Tampa took the early advantage in the first period of Game 1, getting a goal by Sean Bergenheim barely two minutes into the contest.  The Caps answered with a pair of goals wrapped around the first intermission, and it looked as if they were going to be able to use the same sort of stifling defense they used against the Rangers to carry that lead to a Game 1 win.  However, the Lightning struck for two goals late in the second period and then applied some stifling defense of their own.  The Caps had only five shots on goal in the third period, and Tampa Bay scored an empty net goal with 40 seconds left to take Game 1, 4-2. 

What Game 4 would be for the Capitals in their opening round series in New York against the Rangers, Game 2 would be for the Lightning in Washington against the Caps.  The teams took a 1-1 tie into the third period of the context, Tampa Bay scoring first in the opening frame and Brooks Laich tying it up in the second for the Caps.  Martin St. Louis, who scored the goal in triple overtime to eliminate the Caps in 2003, put the Lightning ahead in the eighth minute of the third period when his shot caromed off the skate of Caps defenseman Mike Green and past Neuvirth.  It might have been a frustrating way to give up a game-winning goal, except Alex Ovechkin got the Caps even with a goal with just 1:08 left in regulation.  In overtime, the Caps were burned by a sluggish line change.  As the Caps were swapping out players, Randy Jones chased the puck into the corner in his own end and sent it up the wall to Teddy Purcell at the Caps’ blue line.  It created a two-on-one advantage for the Lightning, Jones chipping a backhand pass across and out of the reach of Green that allowed Vincent Lecavalier an open opportunity to chip the puck over Neuvirth for the 3-2 win and a 2-0 lead in games.

Losing Games 1 and 2 of a seven-game series on home ice was not common in Caps history, having occurred only once before.  However, that one time was in 2009 against the New York Rangers, a team they eventually defeated in seven games.  When the Caps erased an early Lightning lead with a goal in the first minute of the second period by Mike Knuble and John Carlson’s first of the postseason eight minutes into the period, it looked as if the Caps might repeat their 2009 success against the Lightning.  Even when the Lightning tied the game up on a Lecavalier goal, the Caps regained the lead before the second intermission on a power play goal by Ovechkin, his fifth of the playoffs.  Whatever confidence Caps fans might have had that the team would turn the tables and beat Tampa Bay on their ice ended in an instant.  Steven Stamkos tied the game once more 5:23 into the third period, and Ryan Malone scored the game-winner 24 seconds later, converting a feed to the goal mouth by Nate Thompson.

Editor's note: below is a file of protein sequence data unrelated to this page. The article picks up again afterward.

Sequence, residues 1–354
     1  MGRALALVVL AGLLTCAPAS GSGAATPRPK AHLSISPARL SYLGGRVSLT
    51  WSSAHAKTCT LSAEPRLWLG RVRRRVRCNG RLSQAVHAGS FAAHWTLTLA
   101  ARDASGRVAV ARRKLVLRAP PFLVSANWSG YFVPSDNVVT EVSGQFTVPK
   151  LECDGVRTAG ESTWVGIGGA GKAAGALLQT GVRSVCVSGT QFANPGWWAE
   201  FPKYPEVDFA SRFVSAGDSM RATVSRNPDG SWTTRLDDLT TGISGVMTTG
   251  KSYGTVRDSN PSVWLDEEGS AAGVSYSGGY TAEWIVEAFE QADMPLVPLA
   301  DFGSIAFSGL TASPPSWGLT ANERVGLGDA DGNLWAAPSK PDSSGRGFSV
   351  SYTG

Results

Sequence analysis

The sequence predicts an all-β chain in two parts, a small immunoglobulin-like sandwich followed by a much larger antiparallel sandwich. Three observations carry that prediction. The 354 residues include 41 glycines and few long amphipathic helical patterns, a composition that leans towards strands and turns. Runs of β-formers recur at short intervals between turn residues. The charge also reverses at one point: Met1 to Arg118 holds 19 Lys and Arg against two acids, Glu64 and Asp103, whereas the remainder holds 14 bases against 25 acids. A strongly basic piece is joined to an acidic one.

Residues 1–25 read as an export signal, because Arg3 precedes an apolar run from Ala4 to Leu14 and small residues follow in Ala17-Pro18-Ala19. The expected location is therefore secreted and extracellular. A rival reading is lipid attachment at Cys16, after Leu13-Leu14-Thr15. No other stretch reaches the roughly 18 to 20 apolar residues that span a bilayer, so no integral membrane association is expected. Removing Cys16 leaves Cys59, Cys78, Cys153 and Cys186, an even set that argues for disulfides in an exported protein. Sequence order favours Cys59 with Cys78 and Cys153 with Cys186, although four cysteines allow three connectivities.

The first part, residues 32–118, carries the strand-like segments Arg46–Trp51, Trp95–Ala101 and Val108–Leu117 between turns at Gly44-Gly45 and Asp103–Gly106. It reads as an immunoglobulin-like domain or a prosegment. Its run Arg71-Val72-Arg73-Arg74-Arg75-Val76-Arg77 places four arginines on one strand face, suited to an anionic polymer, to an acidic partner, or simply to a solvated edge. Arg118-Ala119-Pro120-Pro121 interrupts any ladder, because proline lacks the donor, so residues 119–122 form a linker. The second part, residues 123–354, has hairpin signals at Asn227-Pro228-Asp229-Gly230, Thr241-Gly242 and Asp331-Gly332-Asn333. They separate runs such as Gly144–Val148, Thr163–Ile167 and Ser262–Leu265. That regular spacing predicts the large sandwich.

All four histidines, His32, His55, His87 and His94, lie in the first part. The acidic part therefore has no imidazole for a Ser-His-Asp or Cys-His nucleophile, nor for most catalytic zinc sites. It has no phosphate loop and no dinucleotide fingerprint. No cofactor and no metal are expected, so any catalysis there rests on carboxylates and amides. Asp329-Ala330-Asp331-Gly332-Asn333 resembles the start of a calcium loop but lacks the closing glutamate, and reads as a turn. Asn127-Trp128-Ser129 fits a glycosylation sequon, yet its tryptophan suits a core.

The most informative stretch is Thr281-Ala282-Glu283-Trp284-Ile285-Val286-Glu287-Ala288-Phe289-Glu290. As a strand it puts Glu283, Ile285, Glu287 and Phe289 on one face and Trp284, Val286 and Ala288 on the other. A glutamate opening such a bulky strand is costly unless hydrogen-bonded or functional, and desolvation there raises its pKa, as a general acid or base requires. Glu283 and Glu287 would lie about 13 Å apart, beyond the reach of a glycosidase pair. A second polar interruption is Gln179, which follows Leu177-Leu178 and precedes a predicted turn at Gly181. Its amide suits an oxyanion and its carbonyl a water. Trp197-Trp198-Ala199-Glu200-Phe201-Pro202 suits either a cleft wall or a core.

Instead of being in a position to play a Game 4 to tie the series before sending it back to Washington, the Caps were playing not to be swept for the third time in a seven game series in franchise history, dropping a four-game series to the Boston Bruins in the 1990 conference final and then again to the Detroit Red Wings in the 1998 Stanley Cup final.

One last time, the Lightning had the better finishing kick.  After exchanging goals in the first period, the Caps getting their first of the postseason from late-season acquisition Marco Sturm to answer a Ryan Malone strike, the Lightning slowly but steadily pulled away in the last 40 minutes.  Sean Bergenheim scored his third and fourth goals of the series eight minutes apart to give the Lightning a 3-1 lead.  The Caps drew within a goal 13:40 into the period, but it seemed more accident than plan. A battle for the puck behind the Tampa Bay net resulted in the puck sliding up the left wing boards.  Defenseman John Erskine pinched in and stopped the puck outside the faceoff circle hash marks.  In one motion he just flung the puck at the Lightning net, and the it sailed over goalie Dwayne Roloson’s right shoulder on the near side, just under the crossbar to make it 3-2 at the second intermission.